The Future of Peacekeeping Operations by the United Nations
international relations, peacekeeping, United Nations, diplomacy, politics, nationalism
International and Area Studies | International Humanitarian Law | International Law | International Relations | Political Science
Since its conception, the United Nations has been faced with the vexing problem of maintaining international peace and security in an era of rampant nationalism and power politics. Following the breakdown of the World War II alliance between the Western powers and the Soviet Union, it was evident that the provisions for collective security outlined in the Charter under Chapter VIII were not suited for the Cold War. The Organization became a convenient target for the press during its early childhood and there were fears that the UN would die of atrophy. The press labelled the 1947 General Assembly as a "mere debating society which only stirs up trouble" and as "no more than a platform for communist propoganda." The Wall Street Journal insisted that the UN had "degenerated from a useless debating society to a mutual vilification society." The Catholic Herald did everything but bury the international organization, stating that "every honest and realist person knows in his heart that the United Nations is dead."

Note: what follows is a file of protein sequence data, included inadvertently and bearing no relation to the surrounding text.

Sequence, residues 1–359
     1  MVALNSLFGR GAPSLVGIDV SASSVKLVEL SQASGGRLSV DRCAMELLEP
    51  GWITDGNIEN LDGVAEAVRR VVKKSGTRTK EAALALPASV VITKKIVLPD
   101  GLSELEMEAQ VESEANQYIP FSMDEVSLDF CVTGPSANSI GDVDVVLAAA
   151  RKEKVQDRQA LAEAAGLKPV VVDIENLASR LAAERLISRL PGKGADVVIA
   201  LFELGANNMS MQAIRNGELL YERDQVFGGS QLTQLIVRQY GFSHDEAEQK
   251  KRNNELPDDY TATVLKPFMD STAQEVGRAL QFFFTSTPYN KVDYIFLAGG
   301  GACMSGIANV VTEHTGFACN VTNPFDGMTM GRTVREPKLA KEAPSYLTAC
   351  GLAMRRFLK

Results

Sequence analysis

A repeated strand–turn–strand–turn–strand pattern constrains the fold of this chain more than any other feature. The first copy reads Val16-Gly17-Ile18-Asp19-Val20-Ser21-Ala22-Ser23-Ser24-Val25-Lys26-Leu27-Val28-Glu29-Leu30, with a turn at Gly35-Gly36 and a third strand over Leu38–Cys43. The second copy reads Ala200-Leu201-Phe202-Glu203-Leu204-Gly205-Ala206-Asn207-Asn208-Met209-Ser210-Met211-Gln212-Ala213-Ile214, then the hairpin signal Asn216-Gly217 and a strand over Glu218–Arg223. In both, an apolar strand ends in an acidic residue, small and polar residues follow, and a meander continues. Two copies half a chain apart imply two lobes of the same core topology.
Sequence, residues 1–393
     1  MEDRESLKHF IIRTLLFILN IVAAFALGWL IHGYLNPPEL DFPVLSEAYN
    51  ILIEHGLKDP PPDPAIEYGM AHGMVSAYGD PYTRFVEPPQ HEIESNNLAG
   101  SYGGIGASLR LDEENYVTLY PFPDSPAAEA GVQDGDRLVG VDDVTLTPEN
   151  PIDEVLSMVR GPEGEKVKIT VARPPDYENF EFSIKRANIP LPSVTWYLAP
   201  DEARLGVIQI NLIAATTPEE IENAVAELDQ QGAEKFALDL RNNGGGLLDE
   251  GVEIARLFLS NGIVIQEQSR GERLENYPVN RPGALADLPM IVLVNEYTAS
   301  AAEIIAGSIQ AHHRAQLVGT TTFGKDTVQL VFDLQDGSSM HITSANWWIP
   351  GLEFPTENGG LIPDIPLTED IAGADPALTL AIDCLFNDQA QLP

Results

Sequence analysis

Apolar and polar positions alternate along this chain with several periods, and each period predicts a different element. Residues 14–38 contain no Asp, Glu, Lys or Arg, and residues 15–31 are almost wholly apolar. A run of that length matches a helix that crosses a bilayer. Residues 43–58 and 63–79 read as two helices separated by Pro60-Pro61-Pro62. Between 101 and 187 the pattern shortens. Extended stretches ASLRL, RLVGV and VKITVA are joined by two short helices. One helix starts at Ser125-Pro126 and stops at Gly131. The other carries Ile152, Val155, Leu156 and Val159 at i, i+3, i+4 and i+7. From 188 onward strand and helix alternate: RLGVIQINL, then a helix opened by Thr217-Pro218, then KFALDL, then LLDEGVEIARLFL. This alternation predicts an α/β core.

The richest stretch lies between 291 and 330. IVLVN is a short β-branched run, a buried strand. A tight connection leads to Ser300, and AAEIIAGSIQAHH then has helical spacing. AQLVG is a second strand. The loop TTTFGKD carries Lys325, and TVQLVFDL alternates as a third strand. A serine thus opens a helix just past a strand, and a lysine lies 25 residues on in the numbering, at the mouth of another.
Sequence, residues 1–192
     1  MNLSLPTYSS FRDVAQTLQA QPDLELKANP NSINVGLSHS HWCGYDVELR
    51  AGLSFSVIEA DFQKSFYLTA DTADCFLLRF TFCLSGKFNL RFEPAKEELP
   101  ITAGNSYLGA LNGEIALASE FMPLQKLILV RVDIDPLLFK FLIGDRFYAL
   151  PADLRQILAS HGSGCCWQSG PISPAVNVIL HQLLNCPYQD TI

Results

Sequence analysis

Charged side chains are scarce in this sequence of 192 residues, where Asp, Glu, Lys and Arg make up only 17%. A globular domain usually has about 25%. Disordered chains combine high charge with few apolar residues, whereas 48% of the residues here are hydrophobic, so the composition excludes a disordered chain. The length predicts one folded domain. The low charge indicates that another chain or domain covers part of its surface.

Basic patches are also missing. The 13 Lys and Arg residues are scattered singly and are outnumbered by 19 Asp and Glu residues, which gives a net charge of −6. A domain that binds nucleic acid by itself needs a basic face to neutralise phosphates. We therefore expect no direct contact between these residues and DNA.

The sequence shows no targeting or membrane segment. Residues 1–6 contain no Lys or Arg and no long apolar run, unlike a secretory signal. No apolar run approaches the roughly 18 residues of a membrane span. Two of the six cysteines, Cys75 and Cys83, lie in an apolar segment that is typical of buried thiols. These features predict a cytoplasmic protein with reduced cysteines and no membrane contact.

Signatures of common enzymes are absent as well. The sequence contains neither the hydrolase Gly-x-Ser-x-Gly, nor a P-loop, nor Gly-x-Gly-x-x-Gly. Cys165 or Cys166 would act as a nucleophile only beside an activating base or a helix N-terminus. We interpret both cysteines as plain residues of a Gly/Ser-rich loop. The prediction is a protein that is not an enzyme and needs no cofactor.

Department 1 Awarding Honors Status
Young, M. R. (1970). The Future of Peacekeeping Operations by the United Nations (Undergraduate honors thesis, University of Redlands). Retrieved from https://inspire.redlands.edu/cas_honors/756